Profit-split Method (PS): The profit split (PS) method is used in cases involving the transfer of intangibles or where there are multiple international transactions that cannot be evaluated separately. It calculates the combined operating profit resulting from an intercompany transaction based on the relative value of each related party’s contribution to the operating profit.
This method evaluates the allocation of combined profit/loss in controlled integrated transactions. The contribution is determined by functions performed, risk assumed, and resources employed.
There are two types of profit split methods: the comparable profit split method and the residual profit split method.
Comparable Profits Method (CPM)/Transactional Net Margin Method (TNMM): The comparable profits method (CPM) / transactional net margin method (TNNM) compares the net profit margin from comparable uncontrolled transactions or companies with the net profit margin of controlled transactions or companies. Net profit margin is computed with reference to cost, sales, or any other relevant profit level indicator, such as operating assets.
It’s the most commonly used transfer pricing method because it doesn’t require the same comparable uncontrolled prices and gross margin data required by other methods–such as the resale price method or the cost-plus method. The method focuses on finding a broad level of product comparability or a high level of functional comparability.
The CPM/TNMM is applicable for most types of transactions and is often used to supplement a transfer pricing analysis that uses other methods.
Unspecified methods are permitted under US law if the OECD’s recommended methods aren’t appropriate for a particular transaction. Unspecified methods are somewhat of a last resort—to be used only if the traditional transactional and profit-based methods can’t be used.
A method’s reliability will be affected by the data’s reliability and assumptions that were used to apply the method, including any projections that were used.
Best Method Rule / Most Appropriate Method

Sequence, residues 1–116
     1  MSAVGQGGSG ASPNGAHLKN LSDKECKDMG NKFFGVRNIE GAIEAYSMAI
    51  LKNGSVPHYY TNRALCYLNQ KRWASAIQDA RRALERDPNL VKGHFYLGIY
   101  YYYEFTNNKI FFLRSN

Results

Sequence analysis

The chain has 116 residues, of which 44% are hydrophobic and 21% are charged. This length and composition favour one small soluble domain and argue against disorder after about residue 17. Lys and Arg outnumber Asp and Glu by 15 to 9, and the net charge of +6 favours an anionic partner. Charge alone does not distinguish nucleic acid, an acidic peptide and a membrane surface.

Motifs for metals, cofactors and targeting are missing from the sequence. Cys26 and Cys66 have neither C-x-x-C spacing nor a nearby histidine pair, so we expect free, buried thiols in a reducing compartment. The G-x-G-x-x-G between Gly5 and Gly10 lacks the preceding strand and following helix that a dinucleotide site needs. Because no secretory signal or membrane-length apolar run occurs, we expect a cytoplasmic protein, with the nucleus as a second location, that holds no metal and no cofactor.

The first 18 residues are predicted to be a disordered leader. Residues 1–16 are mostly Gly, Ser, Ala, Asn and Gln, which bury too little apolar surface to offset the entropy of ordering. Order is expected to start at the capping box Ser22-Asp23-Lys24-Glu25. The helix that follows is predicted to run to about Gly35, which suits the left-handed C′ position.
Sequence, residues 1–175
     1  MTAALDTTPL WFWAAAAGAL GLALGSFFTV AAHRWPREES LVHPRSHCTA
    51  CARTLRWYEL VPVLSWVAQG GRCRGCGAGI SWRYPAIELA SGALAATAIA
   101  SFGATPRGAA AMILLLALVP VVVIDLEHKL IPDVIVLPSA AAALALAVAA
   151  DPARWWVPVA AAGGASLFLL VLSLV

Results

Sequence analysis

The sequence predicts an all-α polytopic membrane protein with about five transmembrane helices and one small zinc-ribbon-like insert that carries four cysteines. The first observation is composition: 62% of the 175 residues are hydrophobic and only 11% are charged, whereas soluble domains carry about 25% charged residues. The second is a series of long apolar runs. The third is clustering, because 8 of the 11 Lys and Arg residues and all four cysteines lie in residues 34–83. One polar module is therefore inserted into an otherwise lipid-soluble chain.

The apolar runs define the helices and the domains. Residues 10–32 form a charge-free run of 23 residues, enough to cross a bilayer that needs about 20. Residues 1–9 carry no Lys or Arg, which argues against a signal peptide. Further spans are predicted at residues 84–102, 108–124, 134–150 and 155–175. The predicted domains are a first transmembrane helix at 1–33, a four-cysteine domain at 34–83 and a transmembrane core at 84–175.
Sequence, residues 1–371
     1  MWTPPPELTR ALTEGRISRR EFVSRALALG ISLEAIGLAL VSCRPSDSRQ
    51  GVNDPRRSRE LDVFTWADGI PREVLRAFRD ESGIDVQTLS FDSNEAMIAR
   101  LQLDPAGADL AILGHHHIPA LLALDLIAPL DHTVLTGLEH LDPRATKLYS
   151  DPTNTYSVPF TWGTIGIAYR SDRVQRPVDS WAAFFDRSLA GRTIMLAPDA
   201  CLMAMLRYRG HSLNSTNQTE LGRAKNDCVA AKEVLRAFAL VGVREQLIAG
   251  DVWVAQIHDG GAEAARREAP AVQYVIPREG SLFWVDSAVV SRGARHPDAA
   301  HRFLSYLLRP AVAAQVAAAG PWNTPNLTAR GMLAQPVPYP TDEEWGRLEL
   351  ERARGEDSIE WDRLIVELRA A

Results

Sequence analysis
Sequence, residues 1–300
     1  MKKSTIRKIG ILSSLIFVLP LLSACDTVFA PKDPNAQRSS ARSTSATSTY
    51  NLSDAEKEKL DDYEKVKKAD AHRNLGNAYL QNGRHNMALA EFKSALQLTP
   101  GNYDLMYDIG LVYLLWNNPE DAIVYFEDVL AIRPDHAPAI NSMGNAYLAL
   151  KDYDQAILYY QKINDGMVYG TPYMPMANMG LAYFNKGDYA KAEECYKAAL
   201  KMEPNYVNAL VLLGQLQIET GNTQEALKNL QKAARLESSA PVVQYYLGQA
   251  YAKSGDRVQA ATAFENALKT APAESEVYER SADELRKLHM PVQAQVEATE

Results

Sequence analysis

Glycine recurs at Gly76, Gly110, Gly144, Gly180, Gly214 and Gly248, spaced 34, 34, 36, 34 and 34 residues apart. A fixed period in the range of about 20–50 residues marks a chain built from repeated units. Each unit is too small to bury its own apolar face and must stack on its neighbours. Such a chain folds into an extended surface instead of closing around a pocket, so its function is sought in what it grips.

There are four critical factors to keep in mind when selecting the best method, according to the US transfer pricing regulations, namely, the degree of comparability between the controlled transaction and uncontrolled transaction, the quality and quantity of data, assumptions used in the analysis, and the sensitivity of results to data deficiencies.
The most appropriate method under the OECD guidelines recommends selecting the method based on the circumstances of the transaction.
The taxpayer should look at each method’s respective strengths and weaknesses, the nature of the controlled transaction (determined by performing a functional analysis), and the availability and reliability of information (in particular for uncontrolled comparables).
Transfer pricing methods are one of the most commonly challenged parts of documentation, so choosing the most organic one is critical. Companies should carefully determine the “best method” or the ”most appropriate method.”
Taxpayers can refer to the US transfer pricing regulations and the OECD guidelines for detailed guidance on factors to consider in determining comparability of uncontrolled transactions.
Using a particular transfer pricing method can result in a range of comparable prices. Companies should use discretion when setting prices within the range to achieve cost minimization objectives.
Taxpayers must provide contemporaneous documentation justifying the transfer pricing method selected along with mandatory specified information, according to the respective country regulations.